27 April 2013- southeast Sudan
Haven’t had good enough internet to post blogs, so catching up on ones we have been writing offline….
This morning we woke up groggy as we had loads of mozzies in landy last night so we spent half the night hiding from them and the other half trying to hit them with a map! We got an email at breakfast from the fixer that we are indeed booked on the 7th May ferry from Wadi Halfa in Sudan to Aswan in Egypt – despite sharing a massive border, the ferry is the only way to go between the two countries. That’s good news, we are keen to get a Sudanese sim card and ring him to start sorting details and see how early we need to arrive in Wadi Halfa to get landy on the barge that carries the freight as well. One of the staff we have had some good chats with over the last few days at Lake Tana had the day off and was off into town to do a shop for the upcoming Easter feast which will break the fast that most people have been on for over a month. We offered him a lift and chatted as we bumped our way back to the main road to Gondar. On the way we passed heaps of animals in the road as usual and he told us an Ethiopian tale. Once there was a donkey, a goat, and a dog travelling in a mini bus taxi. When they got to their destination the donkey jumped out and paid the driver, the goat then jumped out behind him and sprinted away without paying. The dog was the last to get out and gave the driver some money and was expecting change, the driver was so annoyed that the goat didn’t pay that he sped away without giving the dog his change. From then on whenever cars pass, donkeys stand where they are proud they have paid, goats run away at the sight of a car, making sure they don’t get caught and dogs chase every car that comes past hoping to get their change. It explained a lot to us as its spot on! As it was Saturday there was a stream of people heading into town for the markets, to buy and sell. He told us there were even more than usual because of Easter, people are stocking up. People carrying chickens, massive clay pots, big baskets, and of course herding sheep, cows, goats etc. We dropped him near Gondar and he came with me while I did some shopping at a market to get some veg and helped me buy some spices we have been enjoying to take with us, it made it so much quicker than it would have been! He insisted on buying us bananas as a gift and would not take no for an answer, I could tell he was uncomfortable so just said thank you and let him.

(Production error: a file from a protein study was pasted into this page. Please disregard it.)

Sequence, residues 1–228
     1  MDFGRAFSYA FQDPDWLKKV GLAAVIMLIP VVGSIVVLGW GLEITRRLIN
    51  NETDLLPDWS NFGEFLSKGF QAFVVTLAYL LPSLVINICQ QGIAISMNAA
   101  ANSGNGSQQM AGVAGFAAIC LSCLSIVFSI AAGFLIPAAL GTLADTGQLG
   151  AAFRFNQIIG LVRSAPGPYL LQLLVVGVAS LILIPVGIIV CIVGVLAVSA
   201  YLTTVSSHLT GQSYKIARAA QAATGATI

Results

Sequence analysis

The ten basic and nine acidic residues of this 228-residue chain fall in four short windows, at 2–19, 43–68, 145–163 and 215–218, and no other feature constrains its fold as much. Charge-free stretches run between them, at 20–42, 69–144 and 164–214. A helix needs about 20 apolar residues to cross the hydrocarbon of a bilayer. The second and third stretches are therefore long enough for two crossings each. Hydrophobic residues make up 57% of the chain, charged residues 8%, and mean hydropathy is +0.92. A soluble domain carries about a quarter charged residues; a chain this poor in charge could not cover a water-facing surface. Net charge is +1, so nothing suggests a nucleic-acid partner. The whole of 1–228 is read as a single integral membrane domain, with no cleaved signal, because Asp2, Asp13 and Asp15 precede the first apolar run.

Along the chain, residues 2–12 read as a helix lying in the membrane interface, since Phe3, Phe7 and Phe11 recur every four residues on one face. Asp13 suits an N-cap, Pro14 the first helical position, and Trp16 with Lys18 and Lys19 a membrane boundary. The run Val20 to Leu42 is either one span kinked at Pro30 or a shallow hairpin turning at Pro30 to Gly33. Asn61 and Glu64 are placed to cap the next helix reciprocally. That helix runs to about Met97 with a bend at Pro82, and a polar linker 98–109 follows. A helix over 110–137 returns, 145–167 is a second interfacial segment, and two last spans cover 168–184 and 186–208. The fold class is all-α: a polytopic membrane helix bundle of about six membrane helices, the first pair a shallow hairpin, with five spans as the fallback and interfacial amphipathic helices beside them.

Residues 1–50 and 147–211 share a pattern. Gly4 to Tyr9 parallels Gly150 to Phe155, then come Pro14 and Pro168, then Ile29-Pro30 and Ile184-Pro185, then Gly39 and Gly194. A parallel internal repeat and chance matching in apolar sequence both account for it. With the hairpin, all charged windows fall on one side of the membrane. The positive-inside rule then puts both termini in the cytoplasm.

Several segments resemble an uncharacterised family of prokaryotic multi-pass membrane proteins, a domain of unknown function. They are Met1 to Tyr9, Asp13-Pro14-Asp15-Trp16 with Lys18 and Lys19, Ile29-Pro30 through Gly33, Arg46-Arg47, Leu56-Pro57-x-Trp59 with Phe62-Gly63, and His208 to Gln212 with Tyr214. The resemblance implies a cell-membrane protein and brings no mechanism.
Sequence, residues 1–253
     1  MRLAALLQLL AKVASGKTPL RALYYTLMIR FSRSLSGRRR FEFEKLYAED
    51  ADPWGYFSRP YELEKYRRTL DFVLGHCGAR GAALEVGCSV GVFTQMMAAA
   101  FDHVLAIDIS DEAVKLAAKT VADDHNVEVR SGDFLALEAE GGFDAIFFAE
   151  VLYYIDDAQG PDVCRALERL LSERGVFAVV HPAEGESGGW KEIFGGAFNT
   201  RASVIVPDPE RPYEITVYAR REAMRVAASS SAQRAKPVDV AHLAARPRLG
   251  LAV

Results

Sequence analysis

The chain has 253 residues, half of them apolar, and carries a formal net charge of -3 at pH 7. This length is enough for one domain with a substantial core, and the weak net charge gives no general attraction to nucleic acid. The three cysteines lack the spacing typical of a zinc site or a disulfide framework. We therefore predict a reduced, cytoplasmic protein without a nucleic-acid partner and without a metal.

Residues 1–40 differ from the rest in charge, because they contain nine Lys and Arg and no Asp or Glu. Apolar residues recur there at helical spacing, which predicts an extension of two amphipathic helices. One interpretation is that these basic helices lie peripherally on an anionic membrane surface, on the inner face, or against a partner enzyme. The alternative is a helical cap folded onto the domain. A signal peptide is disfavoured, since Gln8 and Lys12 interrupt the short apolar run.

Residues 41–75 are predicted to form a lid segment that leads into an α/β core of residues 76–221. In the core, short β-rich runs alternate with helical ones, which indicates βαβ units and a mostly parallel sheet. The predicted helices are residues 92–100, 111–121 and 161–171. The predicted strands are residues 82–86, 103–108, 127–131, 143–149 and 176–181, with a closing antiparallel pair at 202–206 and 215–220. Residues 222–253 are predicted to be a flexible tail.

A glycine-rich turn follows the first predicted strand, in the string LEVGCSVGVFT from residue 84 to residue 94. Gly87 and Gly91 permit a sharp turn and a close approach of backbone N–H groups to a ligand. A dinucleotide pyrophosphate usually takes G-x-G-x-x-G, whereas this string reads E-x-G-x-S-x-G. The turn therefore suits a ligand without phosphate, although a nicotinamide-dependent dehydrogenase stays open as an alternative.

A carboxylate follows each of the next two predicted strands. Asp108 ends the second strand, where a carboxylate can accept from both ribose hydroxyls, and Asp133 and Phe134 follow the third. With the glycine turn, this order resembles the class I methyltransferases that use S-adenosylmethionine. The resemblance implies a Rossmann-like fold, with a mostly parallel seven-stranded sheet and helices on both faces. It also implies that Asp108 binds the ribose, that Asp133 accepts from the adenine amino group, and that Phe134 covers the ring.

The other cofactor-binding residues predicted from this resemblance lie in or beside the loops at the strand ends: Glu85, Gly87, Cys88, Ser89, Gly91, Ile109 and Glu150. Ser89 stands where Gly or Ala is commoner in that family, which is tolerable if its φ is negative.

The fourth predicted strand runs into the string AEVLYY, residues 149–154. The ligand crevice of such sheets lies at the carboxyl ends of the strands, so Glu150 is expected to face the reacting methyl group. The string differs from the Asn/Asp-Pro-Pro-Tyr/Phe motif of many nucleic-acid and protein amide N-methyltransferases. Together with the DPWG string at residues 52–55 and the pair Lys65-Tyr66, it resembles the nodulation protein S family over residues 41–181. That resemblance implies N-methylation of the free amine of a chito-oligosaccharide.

We drove a few hours, most of the time loosing elevation, it got hotter and hotter as we knew it would. We were sad to say goodbye to Ethiopia today, what a beautiful country and one we have enjoyed immensely, we would love to return one day. We were thinking about Ethiopia and what Sudan would hold, but that was all swept away by the border crossing.
Geeeezzzzz….. it is hot here, so dry my nose feels like its going to crust off my face, it took five hours of sitting around in the searing heat watching people pray, blow their nose in their hands, chat and generally scratch their balls to cross the border. We arrived at Ethiopian side just after 1, immigration was open but customs was closed, it was to open at 7:30 (Ethiopian time which is 1:30 our time, so only half hour away) or 9 (Ethiopian time which is 3 our time, almost two hours) depending on who we asked. So we got our stamp from immigration and sat outside the customs office for a few hours, fortunately in the shade. We changed some money to Sudanese pounds, it is a rare country when changing money with black market money changers you get a better rate than the official rate! It was a hot afternoon and we drank our very warm water, chatted with a few guys sitting around outside the office and just waited until just before 3. Hot but no worries. One of the guys who had been sitting around with us for ages then opened the office and said “Ok you can come in now” He stamped the carnet in no time then got our document stating what electronic equipment we had brought into the country and went to have a look at landy. He checked her more than anyone else has anywhere, he checked the VIN and looked inside, asked what a few things were (including our video camera which we forgot to declare on entry, Olly was quick thinking and said we had told them but they didn’t write it down, which he accepted). He had us open different areas and asked what was where etc. When satisfied he wished us well and off we went…. to Sudan.